Are Facebook Shares overvalued?
Facebook shares have had a nice rebound after the strong fall from COVID 19 this could be attributed to reports of strong and stable ad revenue. Question is does that strong increase continue to run or is it due for a correction?. We’ll be looking at some technical details to try and better understand any underlying trends and what this might result in for the stocks future.
The Relative Strength Indicator (RSI) is a specific indicator that is used to detect if a stock is over sold or over bought. The RSI is calculated using average price gains and losses over a given period of time. The default time period is 14 periods with values bounded from 0 to 100. A reading of above 70 means the stock is overbought highlighting a bearish signal that the stock might fall in price. This is the case with Facebook indicating that it might be overbought, as it is right at the top of the RSI Indicator level at 68 indicating that it is likely to fall in the future.
The Bollinger bands are an additional indicator used in technical analysis to detect volatility if the bands are close together then there is considered to be low volatility however if the bands widen then there is considered to be high levels of volatility. Also it is very uncommon for a stock to move outside the Bollinger bands if it does, it will more often than not shift back inside the Bollinger band. In the graph above we can see that the Bollinger Bands have slightly narrowed and for now that suggests that the price is slightly more stable, indicating that the price is not likely to very deviate far from this price range. Also the stock is slightly above its Bollinger band this may lead to a decrease in price to fall back into the Bollinger band.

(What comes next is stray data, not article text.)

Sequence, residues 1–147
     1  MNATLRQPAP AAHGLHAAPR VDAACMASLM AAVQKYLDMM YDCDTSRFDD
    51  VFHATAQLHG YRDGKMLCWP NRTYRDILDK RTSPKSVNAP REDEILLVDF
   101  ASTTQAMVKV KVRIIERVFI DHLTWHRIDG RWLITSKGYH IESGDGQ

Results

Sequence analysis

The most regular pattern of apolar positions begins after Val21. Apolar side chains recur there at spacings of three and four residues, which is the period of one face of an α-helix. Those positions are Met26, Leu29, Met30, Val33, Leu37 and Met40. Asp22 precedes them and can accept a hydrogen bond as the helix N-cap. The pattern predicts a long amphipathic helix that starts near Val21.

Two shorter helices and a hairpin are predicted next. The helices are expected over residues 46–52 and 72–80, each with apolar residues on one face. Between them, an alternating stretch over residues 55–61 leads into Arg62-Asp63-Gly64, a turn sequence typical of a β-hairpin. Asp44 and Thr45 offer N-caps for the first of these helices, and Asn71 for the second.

The is a clear clear decrease in Volume highlighted by the vertical bars underneath. Showing that a larger number of investors are selling the stock, with a lower than average trading activity the volatility of Facebook is likely to decrease as well as a likely decrease in the value of the underlying stock.